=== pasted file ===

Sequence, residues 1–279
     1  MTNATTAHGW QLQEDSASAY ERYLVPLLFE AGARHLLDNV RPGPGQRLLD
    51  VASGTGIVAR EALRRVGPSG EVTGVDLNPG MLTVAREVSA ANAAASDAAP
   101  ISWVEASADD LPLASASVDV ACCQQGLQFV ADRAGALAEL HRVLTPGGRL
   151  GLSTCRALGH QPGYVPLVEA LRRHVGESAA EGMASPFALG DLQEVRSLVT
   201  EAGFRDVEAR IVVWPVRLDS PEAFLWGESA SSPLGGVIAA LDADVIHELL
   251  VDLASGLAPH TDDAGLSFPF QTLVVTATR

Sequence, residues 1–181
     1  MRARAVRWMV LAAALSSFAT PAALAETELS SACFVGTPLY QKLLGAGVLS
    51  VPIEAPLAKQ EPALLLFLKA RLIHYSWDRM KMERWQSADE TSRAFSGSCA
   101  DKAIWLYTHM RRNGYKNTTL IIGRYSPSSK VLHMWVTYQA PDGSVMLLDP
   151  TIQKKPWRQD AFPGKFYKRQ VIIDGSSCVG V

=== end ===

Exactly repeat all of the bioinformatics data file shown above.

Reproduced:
Sequence, residues 1–279
     1  MTNATTAHGW QLQEDSASAY ERYLVPLLFE AGARHLLDNV RPGPGQRLLD
    51  VASGTGIVAR EALRRVGPSG EVTGVDLNPG MLTVAREVSA ANAAASDAAP
   101  ISWVEASADD LPLASASVDV ACCQQGLQFV ADRAGALAEL HRVLTPGGRL
   151  GLSTCRALGH QPGYVPLVEA LRRHVGESAA EGMASPFALG DLQEVRSLVT
   201  EAGFRDVEAR IVVWPVRLDS PEAFLWGESA SSPLGGVIAA LDADVIHELL
   251  VDLASGLAPH TDDAGLSFPF QTLVVTATR

Sequence, residues 1–181
     1  MRARAVRWMV LAAALSSFAT PAALAETELS SACFVGTPLY QKLLGAGVLS
    51  VPIEAPLAKQ EPALLLFLKA RLIHYSWDRM KMERWQSADE TSRAFSGSCA
   101  DKAIWLYTHM RRNGYKNTTL IIGRYSPSSK VLHMWVTYQA PDGSVMLLDP
   151  TIQKKPWRQD AFPGKFYKRQ VIIDGSSCVG V